Continuing on the subject of precious metals and the financial situation part 2

15 Jan

So when we look at the size of the world derivatives market and then compare it with say the oil market or any other physical asset class the digits clearly outnumber the commodities. After all 639 trillion dollars is quite a lot wouldn’t you say ? Thus I think its a fair conclusion to state that IF one wanted to adjust prices then its only a question of how many digital currency units it takes to move the price to the preferred target.

One of the best examples I can find about this occurring is the case of Yasuo Hamanaka. Yes another Japanese connection 🙂 He is better known as Mr Copper as he worked for Sumitomo Corporation a huge Japanese multinational where he speculated in all kinds of commodities.

Copper as indeed all commodities are traded globally and thus subject to market conditions and fluctuations in prices. Spoilage and thus inventory is not a major issue other than storage costs when it comes to the Copper market.

Hamanaka was able to utilitize the vastly deep pockets of the Sumitomo corporation to move or keep the price of Copper within a fixed range for years. Obviously he had help but this example clearly indicates that prices can be engineered and indeed ARE done so. Even George Soros another deep pocketed investor apparently attempted to profit from challenging the Hamanaka fix without success.

A critic would be quick to point out that Hamanaka did eventually lose his corner on the market and thus caused large losses to his company. I think this may have more to do with the traders acceptance as a business as usual approach instead of accepting that at some point every ride must come to and end. Rather than move out of some losing positions Hamanaka tried to stay in and ride yet another Sumitomo backed wave of price “control”. This has more to do with a flaw in the traders working model than a failure to move prices in the way a deep pocketed investor wishes it to move.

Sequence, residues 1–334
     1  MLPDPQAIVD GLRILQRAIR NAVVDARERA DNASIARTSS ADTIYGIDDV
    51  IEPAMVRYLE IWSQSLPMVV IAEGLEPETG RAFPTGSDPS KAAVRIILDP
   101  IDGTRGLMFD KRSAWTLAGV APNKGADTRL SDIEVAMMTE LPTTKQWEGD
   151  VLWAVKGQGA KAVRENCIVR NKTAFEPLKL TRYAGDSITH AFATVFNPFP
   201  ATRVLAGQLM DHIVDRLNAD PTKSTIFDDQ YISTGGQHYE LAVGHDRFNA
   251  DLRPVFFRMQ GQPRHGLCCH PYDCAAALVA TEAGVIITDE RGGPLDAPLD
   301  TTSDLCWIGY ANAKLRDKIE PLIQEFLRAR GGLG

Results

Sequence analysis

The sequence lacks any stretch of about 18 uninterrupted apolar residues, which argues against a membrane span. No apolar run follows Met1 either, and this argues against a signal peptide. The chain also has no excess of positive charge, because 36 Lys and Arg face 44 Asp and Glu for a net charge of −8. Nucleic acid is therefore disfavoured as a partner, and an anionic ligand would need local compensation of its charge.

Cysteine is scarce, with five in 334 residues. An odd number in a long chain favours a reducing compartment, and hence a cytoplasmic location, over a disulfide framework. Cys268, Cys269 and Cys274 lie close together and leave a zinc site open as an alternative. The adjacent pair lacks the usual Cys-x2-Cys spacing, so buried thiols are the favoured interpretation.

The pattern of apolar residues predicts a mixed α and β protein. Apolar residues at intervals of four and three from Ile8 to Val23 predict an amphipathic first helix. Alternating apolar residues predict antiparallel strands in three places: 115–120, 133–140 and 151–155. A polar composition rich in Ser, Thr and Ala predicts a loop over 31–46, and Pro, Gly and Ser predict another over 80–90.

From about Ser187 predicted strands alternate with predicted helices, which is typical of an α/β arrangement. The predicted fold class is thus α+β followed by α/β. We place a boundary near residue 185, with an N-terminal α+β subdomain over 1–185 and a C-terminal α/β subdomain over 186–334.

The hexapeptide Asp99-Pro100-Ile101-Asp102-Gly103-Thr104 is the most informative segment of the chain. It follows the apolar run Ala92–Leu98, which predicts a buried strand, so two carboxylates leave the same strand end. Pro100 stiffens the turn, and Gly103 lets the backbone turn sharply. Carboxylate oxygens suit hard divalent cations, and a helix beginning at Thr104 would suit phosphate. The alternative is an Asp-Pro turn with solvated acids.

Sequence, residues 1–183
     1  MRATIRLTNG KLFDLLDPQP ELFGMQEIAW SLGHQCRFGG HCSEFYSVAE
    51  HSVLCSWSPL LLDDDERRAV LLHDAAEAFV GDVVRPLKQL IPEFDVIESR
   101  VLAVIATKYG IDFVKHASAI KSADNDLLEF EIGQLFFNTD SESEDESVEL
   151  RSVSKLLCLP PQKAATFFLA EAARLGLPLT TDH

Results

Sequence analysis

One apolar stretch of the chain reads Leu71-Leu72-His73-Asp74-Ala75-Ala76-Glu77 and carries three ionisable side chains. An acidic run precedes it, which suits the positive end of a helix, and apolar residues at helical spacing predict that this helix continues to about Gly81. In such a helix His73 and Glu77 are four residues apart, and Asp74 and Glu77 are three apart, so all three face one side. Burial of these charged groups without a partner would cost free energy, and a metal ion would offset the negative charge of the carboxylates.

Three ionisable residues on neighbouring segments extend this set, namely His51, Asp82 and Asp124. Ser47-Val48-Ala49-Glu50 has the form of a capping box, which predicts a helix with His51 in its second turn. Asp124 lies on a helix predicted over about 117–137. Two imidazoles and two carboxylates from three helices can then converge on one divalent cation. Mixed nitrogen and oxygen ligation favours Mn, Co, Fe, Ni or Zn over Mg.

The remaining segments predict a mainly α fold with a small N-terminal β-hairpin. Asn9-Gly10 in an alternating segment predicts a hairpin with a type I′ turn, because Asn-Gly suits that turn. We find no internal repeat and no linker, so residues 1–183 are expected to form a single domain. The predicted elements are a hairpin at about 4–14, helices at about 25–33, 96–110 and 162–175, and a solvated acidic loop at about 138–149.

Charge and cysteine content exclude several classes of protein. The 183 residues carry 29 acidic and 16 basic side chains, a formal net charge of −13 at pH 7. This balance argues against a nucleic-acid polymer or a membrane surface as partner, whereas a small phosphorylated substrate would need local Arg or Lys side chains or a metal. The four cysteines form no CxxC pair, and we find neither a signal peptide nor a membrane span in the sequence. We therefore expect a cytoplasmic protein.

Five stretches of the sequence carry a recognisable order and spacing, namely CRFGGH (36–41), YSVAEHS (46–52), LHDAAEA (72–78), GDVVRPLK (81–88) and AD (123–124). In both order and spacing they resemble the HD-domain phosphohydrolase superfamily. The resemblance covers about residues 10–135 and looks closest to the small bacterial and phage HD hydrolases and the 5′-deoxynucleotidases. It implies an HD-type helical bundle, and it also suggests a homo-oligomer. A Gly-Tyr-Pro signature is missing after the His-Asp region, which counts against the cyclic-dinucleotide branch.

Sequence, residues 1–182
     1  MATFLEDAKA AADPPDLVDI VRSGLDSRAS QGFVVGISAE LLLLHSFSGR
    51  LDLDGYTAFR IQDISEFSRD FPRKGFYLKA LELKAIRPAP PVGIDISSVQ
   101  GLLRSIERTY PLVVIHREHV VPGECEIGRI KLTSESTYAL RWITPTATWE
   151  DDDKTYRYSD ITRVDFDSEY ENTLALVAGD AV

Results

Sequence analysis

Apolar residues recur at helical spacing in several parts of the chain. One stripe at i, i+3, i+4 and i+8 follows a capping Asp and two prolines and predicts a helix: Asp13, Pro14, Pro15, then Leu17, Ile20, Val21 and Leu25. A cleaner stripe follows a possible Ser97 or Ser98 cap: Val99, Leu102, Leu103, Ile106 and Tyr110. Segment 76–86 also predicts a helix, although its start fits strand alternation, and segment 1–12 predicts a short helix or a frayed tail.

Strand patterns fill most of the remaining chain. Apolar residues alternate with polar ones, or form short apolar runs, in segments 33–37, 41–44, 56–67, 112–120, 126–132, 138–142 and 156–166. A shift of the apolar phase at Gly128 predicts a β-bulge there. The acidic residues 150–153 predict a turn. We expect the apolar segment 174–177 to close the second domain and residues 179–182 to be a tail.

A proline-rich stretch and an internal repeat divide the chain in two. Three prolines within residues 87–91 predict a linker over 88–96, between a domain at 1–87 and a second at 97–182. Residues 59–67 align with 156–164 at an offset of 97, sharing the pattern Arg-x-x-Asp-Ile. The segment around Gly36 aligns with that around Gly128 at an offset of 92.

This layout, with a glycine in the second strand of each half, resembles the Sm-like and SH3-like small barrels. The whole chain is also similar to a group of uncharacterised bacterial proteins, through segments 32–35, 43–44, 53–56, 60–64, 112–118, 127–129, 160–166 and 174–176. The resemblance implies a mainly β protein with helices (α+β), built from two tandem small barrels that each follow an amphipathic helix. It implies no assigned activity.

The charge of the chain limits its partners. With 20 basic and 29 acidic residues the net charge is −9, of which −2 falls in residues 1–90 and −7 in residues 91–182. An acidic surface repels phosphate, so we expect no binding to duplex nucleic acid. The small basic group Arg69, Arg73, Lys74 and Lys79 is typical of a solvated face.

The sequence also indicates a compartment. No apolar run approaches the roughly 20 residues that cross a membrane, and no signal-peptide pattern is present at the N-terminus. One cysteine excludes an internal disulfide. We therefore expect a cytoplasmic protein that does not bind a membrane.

So with the above mentioned example we can clearly see that under the right circumstances prices are subject to outside forces that are able to and indeed wish to attempt control of a commodity. Who is to say if a price is or isn’t subject to price-fixing ? I want to be careful about throwing out the word conspiracy because I think that while they do exist they are far less common than most who use the label think they are.

I simply want to point out that not only is it possible,but in fact probable under the right conditions. With ZIRP (zero interest rate policy) in effect those with the financing are able to access an unlimited amount of digital dollars. If approached with a proper working model or perhaps if you prefer having learned the lessons from Mr Copper why not seek to keep prices in a certain range ? If you or I can conceive of the idea, then I humbly submit that just about anyone can.

Manipulation is a term that is throw around a lot especially it seems when a price is knocked down, but I suspect it works both ways. Its a disturbing thought but I suppose we are along for the ride, hopefully it doesn’t get too bumpy.


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